Fill in the lines of your poem.You might be tempted to start with the first line, but you don’t have to. Look at all the letters you have to work with. What’s the most interesting line you can think of that starts with one of those letters? Begin there, so you know you have at least one line that you absolutely love!
- You can write end-stopped lines, meaning each line ends with punctuation or at a logical grammatical break.
- You can also write enjambed lines, meaning the lines can be broken wherever you need them to be broken, regardless of punctuation or grammar.
Focus on sensory imagery.Sensory imagery is language that draws on the five senses: sight, sound, touch, taste, and smell. Your reader will be able to understand abstract concepts like “love” or “hope” better if they can imagine specific details through their bodies.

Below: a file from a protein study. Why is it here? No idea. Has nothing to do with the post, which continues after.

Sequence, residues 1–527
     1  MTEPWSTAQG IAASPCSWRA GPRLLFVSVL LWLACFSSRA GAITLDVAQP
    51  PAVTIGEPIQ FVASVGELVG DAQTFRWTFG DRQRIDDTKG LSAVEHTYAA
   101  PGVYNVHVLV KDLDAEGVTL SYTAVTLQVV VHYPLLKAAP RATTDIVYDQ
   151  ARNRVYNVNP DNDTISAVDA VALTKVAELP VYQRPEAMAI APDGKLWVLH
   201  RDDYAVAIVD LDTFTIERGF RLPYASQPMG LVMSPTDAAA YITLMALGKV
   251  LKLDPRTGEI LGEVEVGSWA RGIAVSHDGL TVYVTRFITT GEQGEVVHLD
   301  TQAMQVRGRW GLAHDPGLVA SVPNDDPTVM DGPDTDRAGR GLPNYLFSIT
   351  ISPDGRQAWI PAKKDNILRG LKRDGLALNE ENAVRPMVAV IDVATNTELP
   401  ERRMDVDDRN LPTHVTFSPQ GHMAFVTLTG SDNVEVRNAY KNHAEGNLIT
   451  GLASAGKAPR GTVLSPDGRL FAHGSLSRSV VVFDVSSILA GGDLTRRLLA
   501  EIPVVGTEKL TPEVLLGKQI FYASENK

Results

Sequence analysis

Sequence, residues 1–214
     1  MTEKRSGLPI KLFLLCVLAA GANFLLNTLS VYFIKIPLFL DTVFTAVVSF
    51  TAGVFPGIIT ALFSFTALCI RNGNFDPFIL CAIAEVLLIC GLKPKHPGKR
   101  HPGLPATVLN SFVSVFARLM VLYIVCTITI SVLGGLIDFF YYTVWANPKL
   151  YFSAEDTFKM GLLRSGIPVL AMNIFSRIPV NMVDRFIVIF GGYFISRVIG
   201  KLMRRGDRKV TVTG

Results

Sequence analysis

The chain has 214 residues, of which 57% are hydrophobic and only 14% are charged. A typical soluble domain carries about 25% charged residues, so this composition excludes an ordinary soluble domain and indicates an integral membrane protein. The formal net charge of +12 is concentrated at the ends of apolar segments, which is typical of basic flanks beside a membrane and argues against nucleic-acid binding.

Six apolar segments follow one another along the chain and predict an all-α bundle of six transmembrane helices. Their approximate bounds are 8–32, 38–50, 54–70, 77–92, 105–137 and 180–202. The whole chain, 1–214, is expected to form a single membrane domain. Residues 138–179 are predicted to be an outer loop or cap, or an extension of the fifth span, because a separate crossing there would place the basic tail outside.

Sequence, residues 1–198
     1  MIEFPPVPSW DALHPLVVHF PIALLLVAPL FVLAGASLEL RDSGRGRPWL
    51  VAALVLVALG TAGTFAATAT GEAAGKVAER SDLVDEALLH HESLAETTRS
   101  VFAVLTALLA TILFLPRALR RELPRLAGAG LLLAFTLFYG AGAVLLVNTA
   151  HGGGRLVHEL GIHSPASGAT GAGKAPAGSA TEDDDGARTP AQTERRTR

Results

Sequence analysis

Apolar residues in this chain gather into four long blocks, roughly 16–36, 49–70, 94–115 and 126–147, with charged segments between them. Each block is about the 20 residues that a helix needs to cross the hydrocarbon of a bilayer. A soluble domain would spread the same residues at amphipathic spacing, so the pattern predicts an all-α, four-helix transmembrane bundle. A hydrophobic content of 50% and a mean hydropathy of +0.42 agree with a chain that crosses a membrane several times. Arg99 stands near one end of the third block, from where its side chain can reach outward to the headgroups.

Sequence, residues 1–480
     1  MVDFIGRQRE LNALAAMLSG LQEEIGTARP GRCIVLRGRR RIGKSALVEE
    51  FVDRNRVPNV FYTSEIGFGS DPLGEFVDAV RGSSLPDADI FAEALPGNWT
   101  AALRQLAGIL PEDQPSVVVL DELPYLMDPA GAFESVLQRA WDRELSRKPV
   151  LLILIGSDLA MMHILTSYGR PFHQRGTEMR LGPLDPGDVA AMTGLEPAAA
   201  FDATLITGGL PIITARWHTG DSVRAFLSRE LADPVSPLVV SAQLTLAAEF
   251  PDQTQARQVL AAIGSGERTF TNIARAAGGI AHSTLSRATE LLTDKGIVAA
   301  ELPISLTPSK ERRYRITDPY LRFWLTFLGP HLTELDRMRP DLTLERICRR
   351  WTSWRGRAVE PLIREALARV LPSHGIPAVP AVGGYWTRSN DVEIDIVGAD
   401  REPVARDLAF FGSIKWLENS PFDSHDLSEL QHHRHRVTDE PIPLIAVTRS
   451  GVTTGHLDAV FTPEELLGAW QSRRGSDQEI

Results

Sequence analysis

- For example, instead of saying you love your mother, you can say you love the way she smells like onions when she’s done cooking dinner.
Try using similes and metaphors.A simile is a comparison that uses the words “like” or “as”: as red as a rose.A metaphor makes a comparison, too, but instead of saying that one thing is “like” another, it goes a step further and says that the two things being compared are the same thing: the clouds were cotton balls in the sky.
Use inventive language.Avoid cliches (sayings that have become so common that everybody knows them).Examples include calling something “red as a rose” or comparing clouds to cotton balls. Instead, be as creative as possible! Try to come up with descriptions, images, and comparisons that you’ve never heard before.